Though the conservative right uses such statistics to weaken Obama’s legitimacy, I want to ask another question – why the discrepancy between Obama’s historic success at the ballot box but his historic failure to win the nation’s approval by a significant margin? If re-elected presidents generally have a significantly higher approval rate on their inauguration than their votes 2 1/2 months earlier on election day, why was Obama’s approval rate on the date of his inauguration virtually the same as his percentage of the popular vote?
One reason offered is that right wing commentators keep harping on Obama as a failed president, particularly in economic matters. Economic growth continues to be sluggish. Although the unemployment rate is dropping, historically high percentages of Americans are out of work. As George F. Will put it, if the same percent of persons of working age were employed, there would be 14 more million people in the work force. Black lamented that, “The wealthiest country in history is bankrupt, with 50 million citizens in poverty and the entire middle class on an economic knife-edge.” Black bemoans that a $10-trillion of national debt, accumulated from 1776 to 2008, became a $16-trillion debt.
The assertions are correct but they ignore context and comparisons. The debt is less as a percentage of GDP than the debt incurred during WWII. They fail to acknowledge that the debt was an investment (admittedly a risky one) to save the nation from past follies to allow the country to grow in the future. The extra funds bailed out the financial sector, rescued the auto industry, invested in infrastructure (roads, bridges, etc.) in a way not seen since the Republic Eisenhower post WWII administration, and invested as well in education and in clean energy. Obama appears at least to have led America back from the brink of a great depression. Why is this not, at the very least, acknowledged even if one disagrees with the claim?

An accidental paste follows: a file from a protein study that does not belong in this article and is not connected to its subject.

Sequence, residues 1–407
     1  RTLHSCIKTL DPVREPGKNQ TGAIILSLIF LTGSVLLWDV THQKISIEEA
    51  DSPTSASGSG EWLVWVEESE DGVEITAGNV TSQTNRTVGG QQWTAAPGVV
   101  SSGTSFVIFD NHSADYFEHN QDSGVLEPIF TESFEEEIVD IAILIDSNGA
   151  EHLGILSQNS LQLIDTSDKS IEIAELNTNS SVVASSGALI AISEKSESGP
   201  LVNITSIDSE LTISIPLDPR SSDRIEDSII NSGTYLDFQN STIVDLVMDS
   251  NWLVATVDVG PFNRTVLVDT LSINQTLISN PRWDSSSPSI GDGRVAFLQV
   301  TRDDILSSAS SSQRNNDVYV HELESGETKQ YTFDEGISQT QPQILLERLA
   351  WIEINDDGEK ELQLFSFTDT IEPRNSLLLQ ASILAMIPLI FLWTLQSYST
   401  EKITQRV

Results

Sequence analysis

Peter Ferrara epitomized right wing critics of the Obama presidency with his article in Forbes on January 11, “President Obama Offers A Repeat Of His Same Failed Policies.” The refrain was similar to many others. Tax rate cuts are inherently pro-growth and expansionary. Government regulation depresses economic initiative. There is no distinction between taxes needed to build infrastructure and enhance education as crucial elements in economic growth and tax revenues spent on otherwise frivolous items. Nor is there any recognition of those regulations that enhance growth because they enlarge the field of economic opportunity. Instead we get a mantra of homogenization and lack of distinction, a mantra that refuses to take account of evidence that might falsify the claim that Obama is a failed president.